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What would happen if someone ran 43off during a tournament?


jgills88
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I know that breaking the record would be a huge jump (although I've heard that Nate's run it in practice before), but what would the next pass be? I dont think that ropes go any shorter right now, would they speed up the boat for the tournament and come up with a shorter line for the next one?
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Would they have to wait in the water for the driver to accurately re loop the rope, or could they wait on the swim step? :/

 

Either I am sure the good vibe would be gone for the first ever 45 off pass attempt.

 

What would the water temp be that day?

What lake would it happen at?

Who would be driving?

What tournament would host it?

 

 

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cdrqh74gm4he.jpeg

this incredible 15-year old kid Nathan from Oregon was an awesome slalom skier, he used to ski tourneys. Currently 6’7” with over 7ft wingspan and growing; someone like him could do it. But he’s going to the NBA, heard there’s more $ ?

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Well, the first thing that would happen is the lucky skier would realize that he just left $80,000 in incentive money on the table with his ski Co. assuming that all the companies pay $10k per record, there are nine income opportunities between the current record and a full pass.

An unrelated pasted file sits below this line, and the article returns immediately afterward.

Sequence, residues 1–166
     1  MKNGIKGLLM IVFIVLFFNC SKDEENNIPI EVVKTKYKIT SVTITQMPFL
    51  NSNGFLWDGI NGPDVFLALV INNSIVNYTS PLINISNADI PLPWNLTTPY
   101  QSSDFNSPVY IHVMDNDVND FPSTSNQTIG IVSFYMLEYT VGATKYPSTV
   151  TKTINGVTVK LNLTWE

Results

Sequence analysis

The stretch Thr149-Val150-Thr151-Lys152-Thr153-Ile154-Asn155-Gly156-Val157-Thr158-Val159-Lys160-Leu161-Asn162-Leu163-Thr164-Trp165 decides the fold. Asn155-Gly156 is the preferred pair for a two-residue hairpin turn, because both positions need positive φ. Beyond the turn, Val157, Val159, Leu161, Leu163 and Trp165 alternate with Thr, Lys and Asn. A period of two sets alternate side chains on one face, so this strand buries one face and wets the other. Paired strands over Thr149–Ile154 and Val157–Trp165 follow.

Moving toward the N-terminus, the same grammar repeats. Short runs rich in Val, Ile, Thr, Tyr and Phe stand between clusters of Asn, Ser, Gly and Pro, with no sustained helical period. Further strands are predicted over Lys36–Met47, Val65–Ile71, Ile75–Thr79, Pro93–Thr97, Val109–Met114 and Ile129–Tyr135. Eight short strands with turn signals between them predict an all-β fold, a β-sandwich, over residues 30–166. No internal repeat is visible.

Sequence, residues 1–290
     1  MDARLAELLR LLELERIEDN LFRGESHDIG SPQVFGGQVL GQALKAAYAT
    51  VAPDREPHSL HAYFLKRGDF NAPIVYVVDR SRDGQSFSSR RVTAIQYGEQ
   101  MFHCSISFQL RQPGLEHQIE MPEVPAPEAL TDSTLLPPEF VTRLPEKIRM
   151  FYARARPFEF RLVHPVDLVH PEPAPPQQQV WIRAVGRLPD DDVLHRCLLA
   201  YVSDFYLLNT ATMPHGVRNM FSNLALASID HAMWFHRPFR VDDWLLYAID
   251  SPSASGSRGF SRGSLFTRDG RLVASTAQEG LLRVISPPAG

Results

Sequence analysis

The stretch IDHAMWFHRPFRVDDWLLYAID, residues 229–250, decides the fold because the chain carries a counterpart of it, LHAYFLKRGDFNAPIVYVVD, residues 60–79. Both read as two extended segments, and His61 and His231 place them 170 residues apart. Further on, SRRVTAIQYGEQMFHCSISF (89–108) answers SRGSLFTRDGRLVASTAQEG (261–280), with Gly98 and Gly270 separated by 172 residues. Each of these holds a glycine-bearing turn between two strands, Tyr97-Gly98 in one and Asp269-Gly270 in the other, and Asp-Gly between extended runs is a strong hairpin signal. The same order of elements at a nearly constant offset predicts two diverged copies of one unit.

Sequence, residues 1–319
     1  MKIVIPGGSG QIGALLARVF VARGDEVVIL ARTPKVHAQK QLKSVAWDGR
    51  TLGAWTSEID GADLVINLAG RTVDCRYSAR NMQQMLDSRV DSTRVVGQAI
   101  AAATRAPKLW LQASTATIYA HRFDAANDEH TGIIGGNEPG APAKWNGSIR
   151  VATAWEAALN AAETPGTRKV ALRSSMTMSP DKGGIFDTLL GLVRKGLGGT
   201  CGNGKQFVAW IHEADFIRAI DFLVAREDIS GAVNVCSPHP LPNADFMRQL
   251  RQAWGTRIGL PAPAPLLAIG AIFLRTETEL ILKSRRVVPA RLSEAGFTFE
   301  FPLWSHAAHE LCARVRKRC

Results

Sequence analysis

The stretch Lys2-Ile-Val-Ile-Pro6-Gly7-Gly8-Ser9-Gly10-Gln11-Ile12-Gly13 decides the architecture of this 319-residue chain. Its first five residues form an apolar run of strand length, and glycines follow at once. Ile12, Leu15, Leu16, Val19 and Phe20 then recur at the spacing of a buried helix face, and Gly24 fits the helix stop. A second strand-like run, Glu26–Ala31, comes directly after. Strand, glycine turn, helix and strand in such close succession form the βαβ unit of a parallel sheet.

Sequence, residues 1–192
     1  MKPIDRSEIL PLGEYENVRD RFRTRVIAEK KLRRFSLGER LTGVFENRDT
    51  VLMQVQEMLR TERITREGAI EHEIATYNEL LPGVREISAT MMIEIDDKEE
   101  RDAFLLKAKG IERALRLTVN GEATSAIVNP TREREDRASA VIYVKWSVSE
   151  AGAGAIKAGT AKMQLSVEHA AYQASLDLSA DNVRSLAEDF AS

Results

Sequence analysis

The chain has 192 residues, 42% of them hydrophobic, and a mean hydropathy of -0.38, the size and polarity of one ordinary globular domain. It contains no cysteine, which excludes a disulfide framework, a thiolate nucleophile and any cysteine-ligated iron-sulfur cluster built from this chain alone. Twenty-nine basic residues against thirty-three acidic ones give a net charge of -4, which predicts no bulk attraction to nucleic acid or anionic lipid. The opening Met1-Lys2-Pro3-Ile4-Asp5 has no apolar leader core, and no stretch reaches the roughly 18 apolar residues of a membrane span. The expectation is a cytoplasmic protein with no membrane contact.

Lpskier

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Back at the 1977 Nationals, in runoffs that kept repeating, the loops at 10.75, 10.25, and 9.75 were used. With the Technical Controller hustling down to the dock with splicing fid and a segment of line. Final result was that all ties were never resolved and a tie was called.
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I dont think a 43 off run is far fetched at all. May be a little ways off, but if Nate can do 2.5, then the ability, physics and geometry are there to do 3.5 more. What I am wondering about is when physics and geometry no longer allow the next record to be broken (barring the 8 foot tall skier) then what? As suggested before, I guess 38 mph becomes the new normal?
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I don't think a faster speed makes sense, has too many implications with lake geometry, works at one place but if the boats can't get to speed at a certain site then what do you do? New boats bigger engines whole new cat to skin.

 

You go for the shorter length, certain pros would then probably try an intermediary length and away.

 

An algorithm could be derived to handicap skiers in a variety of ways, might even be more fun in that it would bring up some skiers?

 

 

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In terms of what's physically possible, we've got a ways to go. Even 9.5m ("44 off") is "only" two meters short of the buoy, and there are a lot of people in the world with a reach of at least 2m (about 6'7"). My estimation is that a typical person who is at least 155cm tall (or about 5'1") has theoretically sufficient reach.

 

There are massive challenges that go beyond pure reach that will make it take a very long time to advance much further. But, despite my "hilarious" comments, it is not at all impossible.